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Georgia Satellites at Coyote's
By Jean-Marie Ebel
Formed in the hotbeds of Atlanta in 1980, the Georgia Satellites burned the charts with their retro-rockin' "Keep Your Hands to Yourself," only to later vanish into anonymity.
Forgotten but not gone, the Satellites blasted into Coyote's on March 27, heating things up on a cold, drizzly Sunday night.
Original founder and singer-guitarist Dan Baird left the Satellites in '91 to pursue a solo career, resulting in "I Love You Period" off the rollicking, raunchy Love Songs for the Hearing Impaired CD. In interviews, Baird has assumed full responsibility for the band's demise in '91, claiming he fired himself for having a bad attitude.
Since then, the band has regrouped with only two of its original members — singer-guitarist Rick Richards and bassist Rick Price. In addition, a 20-track collection called The Best of the Georgia Satellites was compiled and released last year.
The Satellites caused a sensation when they burst on the music scene with their raunchy, high-spirited roots rock that blends elements of rock, blues and country, and a three-chord gambit reminiscent of rock's early days. On Sunday night, they gave a good solid performance to a mainly disinterested crowd.
What a shame the Louisville disco club scene doesn't operate on Sundays. So many people who paid hard-earned money for music were otherwise too busy checking each other out to notice that a band was playing.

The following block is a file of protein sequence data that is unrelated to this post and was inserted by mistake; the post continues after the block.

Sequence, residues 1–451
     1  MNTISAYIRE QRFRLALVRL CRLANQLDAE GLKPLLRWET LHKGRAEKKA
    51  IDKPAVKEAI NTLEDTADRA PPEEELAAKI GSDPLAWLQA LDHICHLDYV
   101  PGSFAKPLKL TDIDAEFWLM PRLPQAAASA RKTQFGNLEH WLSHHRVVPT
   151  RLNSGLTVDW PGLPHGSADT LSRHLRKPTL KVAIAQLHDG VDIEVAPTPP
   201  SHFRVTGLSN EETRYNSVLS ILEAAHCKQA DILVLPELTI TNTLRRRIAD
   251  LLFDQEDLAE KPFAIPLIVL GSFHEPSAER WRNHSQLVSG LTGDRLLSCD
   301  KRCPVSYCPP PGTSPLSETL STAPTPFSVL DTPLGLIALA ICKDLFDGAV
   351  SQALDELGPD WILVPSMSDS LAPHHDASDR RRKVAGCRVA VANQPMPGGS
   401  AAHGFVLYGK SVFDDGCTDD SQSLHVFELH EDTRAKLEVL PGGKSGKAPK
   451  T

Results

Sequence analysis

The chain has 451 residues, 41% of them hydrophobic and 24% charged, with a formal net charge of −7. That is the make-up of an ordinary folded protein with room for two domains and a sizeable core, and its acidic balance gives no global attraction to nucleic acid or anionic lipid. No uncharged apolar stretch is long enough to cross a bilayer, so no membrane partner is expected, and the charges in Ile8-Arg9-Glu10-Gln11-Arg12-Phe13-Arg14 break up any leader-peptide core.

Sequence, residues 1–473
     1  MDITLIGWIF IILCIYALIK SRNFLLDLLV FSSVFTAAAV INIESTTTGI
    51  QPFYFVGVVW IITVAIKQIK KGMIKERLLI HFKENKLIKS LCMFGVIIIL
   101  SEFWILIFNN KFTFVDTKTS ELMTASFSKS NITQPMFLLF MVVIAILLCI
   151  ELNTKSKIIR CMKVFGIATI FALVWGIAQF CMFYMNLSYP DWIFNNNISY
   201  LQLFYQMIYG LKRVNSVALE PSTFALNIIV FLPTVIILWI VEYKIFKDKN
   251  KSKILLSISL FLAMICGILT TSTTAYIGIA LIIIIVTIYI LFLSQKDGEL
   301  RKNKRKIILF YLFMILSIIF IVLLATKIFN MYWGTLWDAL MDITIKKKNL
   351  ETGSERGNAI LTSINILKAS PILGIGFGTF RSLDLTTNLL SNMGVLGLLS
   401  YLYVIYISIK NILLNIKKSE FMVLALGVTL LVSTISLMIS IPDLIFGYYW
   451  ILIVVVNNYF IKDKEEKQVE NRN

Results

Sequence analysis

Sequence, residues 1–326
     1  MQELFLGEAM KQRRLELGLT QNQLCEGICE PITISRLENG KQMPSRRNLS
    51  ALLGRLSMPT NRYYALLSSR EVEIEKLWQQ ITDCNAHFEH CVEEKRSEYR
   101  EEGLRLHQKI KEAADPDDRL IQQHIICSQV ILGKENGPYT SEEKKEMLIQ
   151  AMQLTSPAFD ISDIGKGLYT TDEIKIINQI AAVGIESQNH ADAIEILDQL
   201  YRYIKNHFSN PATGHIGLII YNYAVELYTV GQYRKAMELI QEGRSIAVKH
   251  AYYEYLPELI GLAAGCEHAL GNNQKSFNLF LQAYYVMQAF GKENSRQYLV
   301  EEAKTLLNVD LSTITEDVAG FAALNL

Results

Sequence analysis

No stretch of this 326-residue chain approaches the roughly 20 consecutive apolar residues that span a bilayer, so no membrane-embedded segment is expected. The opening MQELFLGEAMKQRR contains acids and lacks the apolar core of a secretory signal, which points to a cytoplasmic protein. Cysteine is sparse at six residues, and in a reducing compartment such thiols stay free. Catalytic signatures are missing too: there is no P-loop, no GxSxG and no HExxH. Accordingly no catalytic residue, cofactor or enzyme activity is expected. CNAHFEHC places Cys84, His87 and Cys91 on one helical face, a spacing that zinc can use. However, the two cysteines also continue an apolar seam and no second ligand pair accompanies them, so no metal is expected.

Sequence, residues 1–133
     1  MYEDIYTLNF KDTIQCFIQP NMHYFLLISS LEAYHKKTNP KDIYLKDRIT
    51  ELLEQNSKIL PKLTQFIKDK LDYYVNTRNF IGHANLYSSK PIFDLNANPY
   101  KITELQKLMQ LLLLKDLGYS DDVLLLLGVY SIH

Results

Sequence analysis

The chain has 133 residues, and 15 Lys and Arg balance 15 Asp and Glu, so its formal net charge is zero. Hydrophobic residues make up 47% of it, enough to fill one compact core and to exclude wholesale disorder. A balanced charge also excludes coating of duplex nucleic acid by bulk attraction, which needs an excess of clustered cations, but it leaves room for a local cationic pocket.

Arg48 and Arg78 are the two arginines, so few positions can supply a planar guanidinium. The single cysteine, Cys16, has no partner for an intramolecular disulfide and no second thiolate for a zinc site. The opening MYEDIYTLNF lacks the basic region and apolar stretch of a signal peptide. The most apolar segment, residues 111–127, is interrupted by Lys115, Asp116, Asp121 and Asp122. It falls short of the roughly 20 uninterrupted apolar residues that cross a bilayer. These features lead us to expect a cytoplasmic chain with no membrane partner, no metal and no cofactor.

The Satellites played both originals and covers from their over-a-decade-long, on-and-off career, kicking things off with a rousing cover, The Rolling Stones' "All Over Now."
The two-hour-plus set featured pile-driving, good-time country rock imbued with often emotionally compelling and raunchy sentiments.
Nineteen fifties style rock 'n' roll was revived with "Hippy Hippy Shakes," an infectious dance song that grabbed the crowd's attention and got them dancing.
However, the evening wouldn't have been complete without their monster hit "Keep Your Hands to Yourself," a tale of unrequited lust. It fulfilled every expectation and the crowd ate it up. Price encouraged everyone to sing along and they loudly responded without missing a beat.
John McCafferty and the Beaver Brown Band opened the show with a set of bluesy rock. Early on they performed their haunting signature smash "Dark Side." Together, the two groups delivered a full four hours of down-to-earth rock 'n' roll. It definitely livened up an otherwise dreary Sunday night in Louisville.